Another Russian-Turkish war broke out in April 1828. In began with the Russian offensive operations on two directions: the Balkan Peninsula and Erzurum. The Black Sea Fleet was engaged to support the land forces in taking the enemy fortresses. As a result of the month-long siege of Anapa supported by defensive fire from the Black Sea squadron which was headed then by Vice-Admiral A.S. Greig, the fortress garrison capitulated. The same fate overtook the fortress Varna where the Russians took more than 9000 prisoners and some 300 pieces of ordnance and ammunition. In February 1829, the fortress Syzopol fell.
Advancing on the Balkans, the Russian Army took Adriapol and started to threat Constantinople. The Black Sea Fleet landed 5 landing troops on the enemy shores. Towards the end of August 1829, the Russians reached the Aegean Sea shores where the Baltic squadron under the command of Vice-Admiral L.P. Geiden had been operating. Military defeats suffered by Turkey eventually made it conclude a Peace Treaty in accordance with which Russia got the Danube estuary with all its islands as well as the Black Sea eastern shore. On top of that, Turkey confirmed Georgia, Imeretia, Mingrelia and Guria becoming constituents of Russia. Greece was granted its autonomy.
In spite of the fact that the era of steam fleet had already begun, the sailing ships construction in Russia did not stop. New sailing battleships, the prototype of which was the 84-gun ship Silistria which proved to be reliable in long voyages, were commissioned to the Black Sea Fleet.
For the first time in Russia, the 120-gun battleship the Twelve Apostles (Nikolayev) and the Russia (Petersburg) were built and commissioned. They were one of the most powerful and high-speed sailing vessels of that time.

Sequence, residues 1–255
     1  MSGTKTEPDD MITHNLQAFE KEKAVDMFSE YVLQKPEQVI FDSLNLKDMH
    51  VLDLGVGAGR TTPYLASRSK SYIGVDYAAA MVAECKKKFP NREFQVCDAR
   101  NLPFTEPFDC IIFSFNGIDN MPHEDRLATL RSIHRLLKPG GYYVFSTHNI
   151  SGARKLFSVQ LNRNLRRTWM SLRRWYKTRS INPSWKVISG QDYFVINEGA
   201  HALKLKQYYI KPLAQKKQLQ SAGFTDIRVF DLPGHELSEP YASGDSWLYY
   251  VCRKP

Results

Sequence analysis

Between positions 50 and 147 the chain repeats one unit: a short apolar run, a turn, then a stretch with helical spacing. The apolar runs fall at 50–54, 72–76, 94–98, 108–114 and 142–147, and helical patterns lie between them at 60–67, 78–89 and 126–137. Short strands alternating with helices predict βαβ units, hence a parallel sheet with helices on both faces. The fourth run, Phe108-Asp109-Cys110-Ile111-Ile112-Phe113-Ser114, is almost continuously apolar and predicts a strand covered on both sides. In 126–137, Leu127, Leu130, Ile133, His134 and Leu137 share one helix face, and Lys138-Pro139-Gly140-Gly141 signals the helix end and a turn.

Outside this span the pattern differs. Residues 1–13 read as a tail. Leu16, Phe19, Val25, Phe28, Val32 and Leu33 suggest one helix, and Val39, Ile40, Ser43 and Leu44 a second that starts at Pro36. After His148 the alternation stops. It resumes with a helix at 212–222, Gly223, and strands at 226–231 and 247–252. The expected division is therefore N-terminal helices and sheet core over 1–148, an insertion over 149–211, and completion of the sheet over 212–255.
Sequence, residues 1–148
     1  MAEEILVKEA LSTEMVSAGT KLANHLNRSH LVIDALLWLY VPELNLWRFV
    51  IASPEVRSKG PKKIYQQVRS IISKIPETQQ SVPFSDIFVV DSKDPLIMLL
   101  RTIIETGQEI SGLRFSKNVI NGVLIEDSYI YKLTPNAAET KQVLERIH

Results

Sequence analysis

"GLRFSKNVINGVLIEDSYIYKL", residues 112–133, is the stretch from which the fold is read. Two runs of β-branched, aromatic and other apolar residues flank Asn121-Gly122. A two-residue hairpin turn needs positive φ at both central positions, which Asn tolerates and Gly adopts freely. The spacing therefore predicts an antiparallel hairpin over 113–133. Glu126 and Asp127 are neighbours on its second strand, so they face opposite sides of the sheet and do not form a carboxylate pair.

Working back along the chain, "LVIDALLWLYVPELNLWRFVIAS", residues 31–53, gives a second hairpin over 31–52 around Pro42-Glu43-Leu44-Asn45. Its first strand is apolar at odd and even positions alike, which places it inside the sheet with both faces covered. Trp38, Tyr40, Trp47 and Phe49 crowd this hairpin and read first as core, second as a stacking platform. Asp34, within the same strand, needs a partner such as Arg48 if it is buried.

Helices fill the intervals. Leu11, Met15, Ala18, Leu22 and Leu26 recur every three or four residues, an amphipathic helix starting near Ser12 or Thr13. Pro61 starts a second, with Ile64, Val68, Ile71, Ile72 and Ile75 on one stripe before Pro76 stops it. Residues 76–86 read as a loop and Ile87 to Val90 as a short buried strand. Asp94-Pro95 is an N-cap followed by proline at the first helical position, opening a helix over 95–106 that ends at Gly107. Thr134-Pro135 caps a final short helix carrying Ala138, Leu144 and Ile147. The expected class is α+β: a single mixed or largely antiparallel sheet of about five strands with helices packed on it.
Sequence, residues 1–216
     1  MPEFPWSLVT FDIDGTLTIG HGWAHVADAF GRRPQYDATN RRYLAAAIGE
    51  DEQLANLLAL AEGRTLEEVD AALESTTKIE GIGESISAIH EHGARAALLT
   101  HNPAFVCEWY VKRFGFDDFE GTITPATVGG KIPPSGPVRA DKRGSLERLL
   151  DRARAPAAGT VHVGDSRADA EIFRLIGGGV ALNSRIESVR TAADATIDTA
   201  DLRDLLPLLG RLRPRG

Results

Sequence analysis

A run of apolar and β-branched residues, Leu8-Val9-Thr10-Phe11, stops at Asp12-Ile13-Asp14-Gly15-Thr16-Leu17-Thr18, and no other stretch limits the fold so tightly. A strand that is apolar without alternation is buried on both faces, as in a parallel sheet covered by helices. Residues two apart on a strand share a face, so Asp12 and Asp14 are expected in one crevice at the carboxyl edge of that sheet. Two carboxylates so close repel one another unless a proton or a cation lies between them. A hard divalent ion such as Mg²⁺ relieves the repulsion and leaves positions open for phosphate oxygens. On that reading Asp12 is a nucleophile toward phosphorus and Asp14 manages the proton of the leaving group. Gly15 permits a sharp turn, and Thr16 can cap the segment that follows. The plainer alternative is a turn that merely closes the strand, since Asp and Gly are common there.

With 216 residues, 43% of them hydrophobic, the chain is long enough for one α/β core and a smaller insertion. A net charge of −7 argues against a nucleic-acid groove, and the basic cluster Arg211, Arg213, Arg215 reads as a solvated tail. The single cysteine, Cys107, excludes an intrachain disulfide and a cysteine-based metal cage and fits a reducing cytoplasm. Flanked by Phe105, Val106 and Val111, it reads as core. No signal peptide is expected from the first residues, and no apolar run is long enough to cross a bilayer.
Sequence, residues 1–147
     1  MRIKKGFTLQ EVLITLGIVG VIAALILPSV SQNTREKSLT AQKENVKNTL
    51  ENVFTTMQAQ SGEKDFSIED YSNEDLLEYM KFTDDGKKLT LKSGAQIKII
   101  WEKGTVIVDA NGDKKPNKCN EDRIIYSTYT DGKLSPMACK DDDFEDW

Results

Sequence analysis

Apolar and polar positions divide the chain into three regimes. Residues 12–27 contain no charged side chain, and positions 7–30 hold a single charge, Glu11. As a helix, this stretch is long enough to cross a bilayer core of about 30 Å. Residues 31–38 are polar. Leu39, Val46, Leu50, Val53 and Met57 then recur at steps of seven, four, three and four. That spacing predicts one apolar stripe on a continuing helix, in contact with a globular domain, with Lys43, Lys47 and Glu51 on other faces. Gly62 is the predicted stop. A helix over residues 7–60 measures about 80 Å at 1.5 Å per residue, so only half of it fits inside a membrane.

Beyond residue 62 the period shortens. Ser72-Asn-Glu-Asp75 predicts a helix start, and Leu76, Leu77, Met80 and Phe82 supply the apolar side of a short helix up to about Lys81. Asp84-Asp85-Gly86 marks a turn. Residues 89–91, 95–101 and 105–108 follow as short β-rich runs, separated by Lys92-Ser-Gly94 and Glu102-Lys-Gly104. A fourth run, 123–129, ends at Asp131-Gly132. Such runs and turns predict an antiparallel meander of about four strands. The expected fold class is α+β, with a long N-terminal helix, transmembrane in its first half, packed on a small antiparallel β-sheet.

At the outbreak of the Crimean War of 1853-1855, the Black Sea Fleet had 14 battleships, 6 frigates, 4 corvettes, 12 brigs, 7 steam-frigates built at foreign shipyards and dozens of other ships and vessels. By the beginning of the war, the Baltic Sea Fleet could boast of 29 battleships, 14 frigates, 2 corvettes, 6 brigs, 9 steam-frigates and more than 100 small sailing and oar-propelled vessels.
Despite all success achieved by Russia, our country suffered a defeat in the Crimean War. The British-French fleet, which had entered the Black Sea as the main Turkish ally, consisted, mainly, of steamships, and the Russian sailing fleet was not able to repulse the attacks of such a powerful enemy who eventually succeeded in taking Sebastopol, Yevpatoria, Kerch and Kinburn.
In that war Russia suffered insignificant territorial losses. The cities taken by the allies were returned to Russia’s possession. However, the fate of the Russian Fleet turned to be bitter. In accordance with the Peace Treaty of Paris of 18 March 1856, Russia was not allowed to have her naval bases in the Black Sea. As a result, the southern part of the country appeared to be defenseless in case of enemy attacks from the seaside (those humiliating clauses of the above-mentioned treaty were rejected by Russia as late as 1971 which was confirmed at the London Conference). Yet the fleet managed to survive.
Alexander II highly praised the Russian Fleet’s success in America, and in his rescript, ignoring the international community’ opinion, called Poland a country “which is ruled by sedition, ridden by prejudices and is under a pernicious influence of foreign instigators”. The Russia’s prestige, greatly disturbed by the Polish rebellion, was immediately enhanced. The American expedition undertaken by the Russian squadrons set a classical example of how the country’s naval might could contribute to the cause of peaceful solution of burning international issues.